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Dr. Wortle's School

Anthony Trollope

Book Overview: 

Anthony Trollope’s fortieth novel, concerns a respectable Christian boys’ school whose proprietor unknowingly hires a woman who apparently has two husbands: A devoted English scholar and an abusive drunkard from the American south. The book interweaves a sensitive and realistic exploration of Dr. Wortle’s moral dilemma with a humorous look at small-town gossip and--of course--a romance involving the doctor’s beautiful young daughter.

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Book Excerpt: 
. . .Doctor's mind a certain feverish feeling of insecurity. At any rate, he knew this, that there was a mystery, that there was something about the Peacockes,—something referring especially to Mrs. Peacocke,—which, if generally known, would be held to be deleterious to their character. So much he could not help deducing from what the man had already told him. No doubt he had undertaken, in his generosity, that although the man should decline to tell his secret, no alteration should be made as to the school arrangements; but he became conscious that in so promising he had in some degree jeopardised the well-being of the school. He began to whisper to himself that persons in such a position as that filled by this Mr. Peacocke and his wife should not be subject to peculiar remarks from ill-natured tongues. A weapon was afforded by such a mystery to the Stantiloups of the world, which the Stantiloups would be sure to use with all their virulence. To such an est. . . Read More

Community Reviews

This is my fourth Trollope novel, and the first one that doesn't belong in a series of novels. If I were a more disciplined reader I'd probably read through his novels in some kind of order instead to reading a Palliser, a Barestshire, another Palliser and a stand alone, like I was ordering food fro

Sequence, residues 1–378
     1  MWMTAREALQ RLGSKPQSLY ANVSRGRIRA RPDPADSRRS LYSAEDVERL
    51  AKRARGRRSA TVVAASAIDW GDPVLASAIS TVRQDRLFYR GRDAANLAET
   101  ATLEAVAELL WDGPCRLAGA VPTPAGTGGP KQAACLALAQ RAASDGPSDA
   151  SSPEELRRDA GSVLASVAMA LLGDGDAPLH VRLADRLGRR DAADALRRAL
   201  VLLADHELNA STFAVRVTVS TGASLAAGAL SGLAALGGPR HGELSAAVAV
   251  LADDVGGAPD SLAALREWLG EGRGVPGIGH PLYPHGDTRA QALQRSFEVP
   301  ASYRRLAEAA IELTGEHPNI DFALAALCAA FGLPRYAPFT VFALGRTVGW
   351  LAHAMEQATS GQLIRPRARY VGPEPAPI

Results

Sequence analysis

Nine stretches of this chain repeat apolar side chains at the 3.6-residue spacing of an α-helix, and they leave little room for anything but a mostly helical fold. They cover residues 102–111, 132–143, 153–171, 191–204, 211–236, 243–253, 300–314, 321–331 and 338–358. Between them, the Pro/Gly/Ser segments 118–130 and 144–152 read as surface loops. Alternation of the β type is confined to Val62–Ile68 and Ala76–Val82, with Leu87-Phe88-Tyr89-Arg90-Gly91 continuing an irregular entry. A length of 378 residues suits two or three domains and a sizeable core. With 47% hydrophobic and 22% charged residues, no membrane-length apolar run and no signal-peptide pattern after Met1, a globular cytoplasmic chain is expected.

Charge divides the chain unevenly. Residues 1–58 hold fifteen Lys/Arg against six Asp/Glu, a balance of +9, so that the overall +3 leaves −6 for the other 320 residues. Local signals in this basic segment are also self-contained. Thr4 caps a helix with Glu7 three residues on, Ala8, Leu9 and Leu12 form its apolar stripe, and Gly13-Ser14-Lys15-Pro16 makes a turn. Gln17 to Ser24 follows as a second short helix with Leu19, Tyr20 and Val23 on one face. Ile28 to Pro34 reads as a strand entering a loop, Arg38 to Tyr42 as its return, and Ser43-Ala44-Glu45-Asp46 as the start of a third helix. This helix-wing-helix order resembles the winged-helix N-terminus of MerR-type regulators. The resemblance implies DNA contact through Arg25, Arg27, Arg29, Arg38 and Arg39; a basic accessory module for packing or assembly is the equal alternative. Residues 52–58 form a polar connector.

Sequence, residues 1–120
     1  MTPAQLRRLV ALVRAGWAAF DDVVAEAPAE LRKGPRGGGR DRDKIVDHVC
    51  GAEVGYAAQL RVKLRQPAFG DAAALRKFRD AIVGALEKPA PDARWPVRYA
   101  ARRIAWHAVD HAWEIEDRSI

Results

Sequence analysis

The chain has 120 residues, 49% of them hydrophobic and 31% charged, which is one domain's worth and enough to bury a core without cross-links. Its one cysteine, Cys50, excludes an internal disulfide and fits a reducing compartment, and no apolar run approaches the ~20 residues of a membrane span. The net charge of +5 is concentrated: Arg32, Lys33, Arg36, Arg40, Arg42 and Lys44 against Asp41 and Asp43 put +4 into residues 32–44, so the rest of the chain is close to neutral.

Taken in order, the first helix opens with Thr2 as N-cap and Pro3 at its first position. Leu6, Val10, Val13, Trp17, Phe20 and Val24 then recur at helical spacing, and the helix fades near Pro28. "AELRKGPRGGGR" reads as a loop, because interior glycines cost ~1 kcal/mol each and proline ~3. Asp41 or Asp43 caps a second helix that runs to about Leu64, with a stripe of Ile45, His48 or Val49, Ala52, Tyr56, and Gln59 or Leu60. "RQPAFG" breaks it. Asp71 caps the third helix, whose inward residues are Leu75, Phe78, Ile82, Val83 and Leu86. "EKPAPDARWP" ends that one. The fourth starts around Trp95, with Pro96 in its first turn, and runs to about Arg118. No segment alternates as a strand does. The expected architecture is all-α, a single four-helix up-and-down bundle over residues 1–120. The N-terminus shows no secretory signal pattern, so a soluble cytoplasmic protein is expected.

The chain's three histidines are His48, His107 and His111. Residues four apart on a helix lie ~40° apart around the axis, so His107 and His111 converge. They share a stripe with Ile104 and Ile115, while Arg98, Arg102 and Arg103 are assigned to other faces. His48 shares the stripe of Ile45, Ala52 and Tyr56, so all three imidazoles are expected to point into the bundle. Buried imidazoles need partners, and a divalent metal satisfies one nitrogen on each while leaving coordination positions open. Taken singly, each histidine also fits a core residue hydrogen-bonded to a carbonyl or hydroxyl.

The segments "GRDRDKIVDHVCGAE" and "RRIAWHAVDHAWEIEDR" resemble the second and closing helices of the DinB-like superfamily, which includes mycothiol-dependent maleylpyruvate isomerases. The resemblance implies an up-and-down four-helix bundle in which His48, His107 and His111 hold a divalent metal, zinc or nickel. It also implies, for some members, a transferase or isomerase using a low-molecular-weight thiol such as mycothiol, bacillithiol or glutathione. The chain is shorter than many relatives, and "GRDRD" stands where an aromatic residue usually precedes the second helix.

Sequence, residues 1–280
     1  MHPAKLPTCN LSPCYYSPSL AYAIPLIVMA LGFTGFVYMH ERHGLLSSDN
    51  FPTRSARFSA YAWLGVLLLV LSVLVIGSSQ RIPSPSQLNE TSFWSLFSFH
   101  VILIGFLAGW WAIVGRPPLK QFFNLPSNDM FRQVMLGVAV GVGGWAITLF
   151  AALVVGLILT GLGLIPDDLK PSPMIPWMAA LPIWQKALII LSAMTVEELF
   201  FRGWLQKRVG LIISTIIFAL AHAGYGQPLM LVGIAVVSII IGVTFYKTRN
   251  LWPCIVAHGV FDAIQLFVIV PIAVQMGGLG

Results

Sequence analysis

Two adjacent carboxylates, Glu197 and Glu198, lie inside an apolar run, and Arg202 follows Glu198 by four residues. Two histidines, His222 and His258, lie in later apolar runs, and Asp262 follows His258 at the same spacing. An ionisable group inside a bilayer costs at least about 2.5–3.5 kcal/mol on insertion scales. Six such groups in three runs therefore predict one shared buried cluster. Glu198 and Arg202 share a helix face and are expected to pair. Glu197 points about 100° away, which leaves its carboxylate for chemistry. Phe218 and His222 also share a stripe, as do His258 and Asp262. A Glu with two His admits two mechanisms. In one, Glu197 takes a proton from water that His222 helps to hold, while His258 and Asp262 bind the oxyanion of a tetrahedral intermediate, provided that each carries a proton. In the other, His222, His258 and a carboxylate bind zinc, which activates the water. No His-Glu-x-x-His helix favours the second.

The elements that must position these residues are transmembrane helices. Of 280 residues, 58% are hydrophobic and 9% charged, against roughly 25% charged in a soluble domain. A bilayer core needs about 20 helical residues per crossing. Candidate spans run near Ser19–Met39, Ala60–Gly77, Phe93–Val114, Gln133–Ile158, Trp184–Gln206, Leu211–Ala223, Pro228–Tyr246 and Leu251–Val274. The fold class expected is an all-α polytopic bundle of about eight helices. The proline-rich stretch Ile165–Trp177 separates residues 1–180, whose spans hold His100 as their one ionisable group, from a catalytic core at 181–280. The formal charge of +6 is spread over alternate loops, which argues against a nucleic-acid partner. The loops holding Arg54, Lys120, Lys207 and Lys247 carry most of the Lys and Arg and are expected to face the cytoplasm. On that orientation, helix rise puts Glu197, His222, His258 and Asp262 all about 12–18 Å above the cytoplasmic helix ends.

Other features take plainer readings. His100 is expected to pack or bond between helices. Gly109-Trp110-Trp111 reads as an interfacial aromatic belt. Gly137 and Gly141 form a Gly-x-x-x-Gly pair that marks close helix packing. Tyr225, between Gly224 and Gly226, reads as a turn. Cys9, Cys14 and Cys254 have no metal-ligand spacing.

Of the Trollope books that I've read, Dr. Wortle's School is one of the shortest. I think I kind of like Trollope in this shorter format. It took me a bit to get into the story, but I really enjoyed the characters. I love Dr. Wortle and his determination to stick to his own beliefs and morals in the

The eponymous Dr. Wortle is both the rector of a private boy’s school and a parish priest. He is married and has a daughter of seventeen. Wife and daughter, both he dearly loves. The setting is Victorian England. Dr. Wortle is drawn in three directions--by the demands of the church, by what is best

This is my second favorite Trollope so far. Such complex conversations about morality versus religion. It had romance and adventure. Great length and pacing. Full of wit and thoughtfulness. A great place to start with Trollope.

Dr Wortle's School was written late in Anthony Trollope's career and was published the year before he died. My online Yahoo Trollope group has recently been reading books from the last years of Trollope's life and I think we have been looking for a decline in his power to portray the psychology of h

A really great read, great themes, wonderful characterisation - so exciting, so dramatic, so moving and engaging. A great Trollope novel and a great place to start with his work.

Every novel by Trollope is intellectually stimulating yet comforting at the same time. Underlying each passage is a wry sense of humour, as if Trollope were standing back and observing the human condition in a loving yet amused way. This particular novel sets a challenge to the reader: if a couple f

Review to follow

Short but full of everything I love about Trollope - moral dilemmas (that we wouldn't think twice about today), an outrageous press, the attitudes of the English towards the USA and many funny moments (usually stemming from hypocrisy or human foibles). I wouldn't suggest this book over "The Way We L

To call anything written by Trollope "minor" is to commit a great sacrilege; however, Dr. Wortle's School, while written late in Trollope's life—and published the year preceding his death—is far from the range, breadth, and scope that one associates with Trollope's work.

Trollope is not a hit-or-miss

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